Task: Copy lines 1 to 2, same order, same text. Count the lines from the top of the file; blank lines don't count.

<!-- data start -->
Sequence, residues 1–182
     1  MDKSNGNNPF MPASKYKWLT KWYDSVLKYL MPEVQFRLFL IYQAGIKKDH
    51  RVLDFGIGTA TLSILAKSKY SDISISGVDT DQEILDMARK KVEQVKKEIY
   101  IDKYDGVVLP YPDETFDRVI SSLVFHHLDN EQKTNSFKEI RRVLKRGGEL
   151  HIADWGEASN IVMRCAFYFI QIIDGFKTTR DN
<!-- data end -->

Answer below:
Sequence, residues 1–182
     1  MDKSNGNNPF MPASKYKWLT KWYDSVLKYL MPEVQFRLFL IYQAGIKKDH